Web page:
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FUMIGATION OF PUBLIC PLACES, ANY SCIENCE BEHIND IT OR ITS A USUAL RIP OFF

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FUMIGATION OF PUBLIC PLACES, ANY SCIENCE BEHIND IT OR ITS A USUAL RIP OFF

 

 

FUMIGATION OF PUBLIC PLACES, ANY SCIENCE BEHIND IT OR ITS A USUAL RIP OFF

 

 

Thanks to the coronavirus pandemic ‘science and data’ have become the new lexicon in our daily discourse. Science is defined as the study of the physical and natural world using theoretical models and data from experiments or observation. Whereas data is defined as a collection of facts from which conclusions may be drawn. Hence, whenever the facts are twisted data can never be a reflection of reality and conclusions drawn from it will misrepresent science.

 

In the months of March and April, several media houses bombarded us with publications of disinfection/fumigation exercise carried out across the country at marketplaces, lorry parks, churches, schools and other. The exercise was led by zoomlion, a waste management company of repute  and some media houses to showcase its progress   as they move on. To the best of our knowledge, this was the first time in the history of Ghana that such a massive fumigation exercise has taken place.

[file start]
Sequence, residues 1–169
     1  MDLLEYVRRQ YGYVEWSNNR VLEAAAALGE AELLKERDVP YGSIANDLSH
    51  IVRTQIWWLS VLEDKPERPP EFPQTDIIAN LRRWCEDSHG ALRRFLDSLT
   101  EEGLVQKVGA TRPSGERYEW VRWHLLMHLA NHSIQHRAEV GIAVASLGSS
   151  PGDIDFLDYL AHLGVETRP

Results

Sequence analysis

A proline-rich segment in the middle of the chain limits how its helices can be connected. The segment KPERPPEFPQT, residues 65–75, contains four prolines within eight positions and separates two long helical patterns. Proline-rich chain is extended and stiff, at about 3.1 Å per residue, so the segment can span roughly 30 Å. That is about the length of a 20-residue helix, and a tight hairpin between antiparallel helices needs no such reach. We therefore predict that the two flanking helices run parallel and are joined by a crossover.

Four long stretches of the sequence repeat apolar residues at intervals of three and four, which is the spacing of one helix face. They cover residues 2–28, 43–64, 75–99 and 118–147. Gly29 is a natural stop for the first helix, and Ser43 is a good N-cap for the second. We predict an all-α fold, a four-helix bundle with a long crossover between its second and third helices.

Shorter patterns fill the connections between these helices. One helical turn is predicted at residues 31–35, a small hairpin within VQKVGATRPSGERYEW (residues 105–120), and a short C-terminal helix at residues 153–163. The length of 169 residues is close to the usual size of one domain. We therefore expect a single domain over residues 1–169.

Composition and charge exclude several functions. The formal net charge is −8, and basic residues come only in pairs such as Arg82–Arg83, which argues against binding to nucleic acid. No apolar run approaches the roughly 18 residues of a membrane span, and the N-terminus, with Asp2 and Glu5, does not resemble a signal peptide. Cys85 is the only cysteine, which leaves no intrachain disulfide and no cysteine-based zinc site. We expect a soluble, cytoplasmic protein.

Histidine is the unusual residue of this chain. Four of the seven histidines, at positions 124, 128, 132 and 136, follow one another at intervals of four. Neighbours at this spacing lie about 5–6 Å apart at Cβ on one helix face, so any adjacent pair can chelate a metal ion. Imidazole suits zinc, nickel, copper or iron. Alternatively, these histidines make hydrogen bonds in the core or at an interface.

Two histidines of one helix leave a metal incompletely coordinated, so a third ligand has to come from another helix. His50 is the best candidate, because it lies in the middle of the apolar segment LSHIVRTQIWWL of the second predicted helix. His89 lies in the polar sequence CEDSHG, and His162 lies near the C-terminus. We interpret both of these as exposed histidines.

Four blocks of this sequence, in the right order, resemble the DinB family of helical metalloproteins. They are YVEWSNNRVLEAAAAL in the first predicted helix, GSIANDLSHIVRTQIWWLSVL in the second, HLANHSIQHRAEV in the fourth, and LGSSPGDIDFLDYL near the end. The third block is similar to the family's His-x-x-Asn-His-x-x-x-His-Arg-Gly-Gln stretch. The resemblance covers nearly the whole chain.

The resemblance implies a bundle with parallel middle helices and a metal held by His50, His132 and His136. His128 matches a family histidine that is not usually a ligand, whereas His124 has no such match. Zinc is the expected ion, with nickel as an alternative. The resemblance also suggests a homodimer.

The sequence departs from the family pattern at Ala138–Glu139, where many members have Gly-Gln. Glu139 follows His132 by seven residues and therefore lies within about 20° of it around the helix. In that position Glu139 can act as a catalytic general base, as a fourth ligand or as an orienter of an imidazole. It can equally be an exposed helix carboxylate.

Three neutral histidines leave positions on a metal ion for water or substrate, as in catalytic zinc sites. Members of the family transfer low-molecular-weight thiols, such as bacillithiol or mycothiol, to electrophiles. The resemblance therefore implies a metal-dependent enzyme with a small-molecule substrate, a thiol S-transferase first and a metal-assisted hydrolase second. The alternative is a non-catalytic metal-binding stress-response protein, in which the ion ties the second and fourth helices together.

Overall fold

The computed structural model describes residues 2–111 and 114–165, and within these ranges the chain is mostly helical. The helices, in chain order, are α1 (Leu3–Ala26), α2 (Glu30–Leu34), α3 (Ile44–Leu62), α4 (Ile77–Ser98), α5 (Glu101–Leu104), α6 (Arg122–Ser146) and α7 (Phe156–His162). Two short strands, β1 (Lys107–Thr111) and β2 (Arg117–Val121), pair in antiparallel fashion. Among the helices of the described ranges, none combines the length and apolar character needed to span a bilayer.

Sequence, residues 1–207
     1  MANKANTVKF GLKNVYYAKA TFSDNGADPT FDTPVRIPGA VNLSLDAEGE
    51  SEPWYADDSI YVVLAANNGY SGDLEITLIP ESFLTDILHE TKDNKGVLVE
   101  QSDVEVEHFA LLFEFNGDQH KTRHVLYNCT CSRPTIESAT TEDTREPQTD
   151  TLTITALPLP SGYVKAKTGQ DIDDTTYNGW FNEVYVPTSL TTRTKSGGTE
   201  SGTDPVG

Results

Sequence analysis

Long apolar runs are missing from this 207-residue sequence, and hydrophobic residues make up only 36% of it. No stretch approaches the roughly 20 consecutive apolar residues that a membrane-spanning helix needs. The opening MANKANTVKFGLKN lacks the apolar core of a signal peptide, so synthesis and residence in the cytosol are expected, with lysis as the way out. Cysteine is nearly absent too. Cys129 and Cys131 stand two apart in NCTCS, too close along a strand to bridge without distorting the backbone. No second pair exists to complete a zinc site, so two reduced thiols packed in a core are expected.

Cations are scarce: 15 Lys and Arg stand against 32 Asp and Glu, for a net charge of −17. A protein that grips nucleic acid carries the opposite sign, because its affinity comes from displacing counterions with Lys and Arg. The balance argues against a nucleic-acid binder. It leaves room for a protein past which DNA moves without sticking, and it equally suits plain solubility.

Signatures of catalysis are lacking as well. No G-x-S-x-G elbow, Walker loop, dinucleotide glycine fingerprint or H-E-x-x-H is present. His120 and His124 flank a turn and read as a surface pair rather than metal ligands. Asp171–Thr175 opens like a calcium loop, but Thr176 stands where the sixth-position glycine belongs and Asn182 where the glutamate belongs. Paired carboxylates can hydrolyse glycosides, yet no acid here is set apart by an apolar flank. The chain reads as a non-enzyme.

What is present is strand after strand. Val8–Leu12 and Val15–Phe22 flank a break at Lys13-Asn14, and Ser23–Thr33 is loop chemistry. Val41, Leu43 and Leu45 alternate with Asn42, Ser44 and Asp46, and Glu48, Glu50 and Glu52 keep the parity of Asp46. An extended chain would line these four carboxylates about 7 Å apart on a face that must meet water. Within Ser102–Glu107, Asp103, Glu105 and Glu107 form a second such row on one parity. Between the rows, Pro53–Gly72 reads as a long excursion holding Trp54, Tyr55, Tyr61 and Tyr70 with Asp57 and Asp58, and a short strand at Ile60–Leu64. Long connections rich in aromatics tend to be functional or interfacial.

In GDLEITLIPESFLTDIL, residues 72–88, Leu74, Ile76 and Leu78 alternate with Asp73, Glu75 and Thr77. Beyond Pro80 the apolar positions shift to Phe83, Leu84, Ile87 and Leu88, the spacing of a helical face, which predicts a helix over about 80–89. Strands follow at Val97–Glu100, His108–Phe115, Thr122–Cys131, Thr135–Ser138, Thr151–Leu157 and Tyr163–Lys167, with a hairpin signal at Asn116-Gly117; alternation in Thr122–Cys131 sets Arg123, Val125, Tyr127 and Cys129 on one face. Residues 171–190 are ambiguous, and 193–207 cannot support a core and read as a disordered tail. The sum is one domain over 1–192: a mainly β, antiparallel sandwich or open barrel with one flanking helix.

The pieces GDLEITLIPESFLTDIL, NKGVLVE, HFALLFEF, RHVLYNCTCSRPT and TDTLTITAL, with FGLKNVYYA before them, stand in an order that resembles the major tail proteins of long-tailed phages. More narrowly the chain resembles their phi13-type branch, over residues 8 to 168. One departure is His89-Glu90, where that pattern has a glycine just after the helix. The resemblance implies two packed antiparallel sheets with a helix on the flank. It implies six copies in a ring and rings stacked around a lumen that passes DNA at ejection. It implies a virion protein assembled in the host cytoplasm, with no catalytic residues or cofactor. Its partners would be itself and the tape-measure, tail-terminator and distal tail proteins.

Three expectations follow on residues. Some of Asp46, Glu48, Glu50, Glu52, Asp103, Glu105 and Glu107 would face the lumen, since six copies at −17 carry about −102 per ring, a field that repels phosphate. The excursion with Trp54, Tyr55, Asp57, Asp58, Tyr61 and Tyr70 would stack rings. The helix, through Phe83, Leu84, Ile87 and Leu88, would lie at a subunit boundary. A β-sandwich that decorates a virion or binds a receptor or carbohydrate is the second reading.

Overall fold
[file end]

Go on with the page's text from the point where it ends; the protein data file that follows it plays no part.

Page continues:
Reasons assigned for this fumigation revolution was to kill and stop/prevent  the spread of coronavirus at these targeted public places. This singular act gave confidence to people to continue  patronizing these places without fear of contracting the virus. Unfortunately, this turned out to be a mirage. And we shall explain that in the following paragraphs. 

 

After the first round of fumigation exercise, Ghana recorded mass outbreak of COVID-19 at post-fumigated markets, ministries, schools, industries, and other public places. If we were made to believe that this exercise was meant to kill and stop the virus from spreading why did these outbreaks happen despite the fumigation/disinfection exercise? Was the exercise based on science or meant to promote someone’s business and waste our resources? It is true Ghana was not the only country engaged in this this exercise, but the difference is that ours was a one-time and stand-alone exercise reasons why it was not effective.

Chemicals used for disinfection

Methods of disinfection is either by chemical disinfection or by thermal process. In the case of Ghana’s mass disinfection exercise the former was deployed and the chemical used in this occasion was either liquid sodium hypochlorite, solid or powder calcium hypochlorite in a resultant solution of 0.5% of active chlorine (50g/litre). 

Chlorine is a powerful disinfectant, it kills most microorganisms (bacteria, viruses, and parasites) by breaking the chemical bonds in their molecules. The efficacy of disinfection using chlorine is dependent not only on the pathogen itself, but also on the Ph and temperature of the water. The higher the temperature and the lower the pH the better.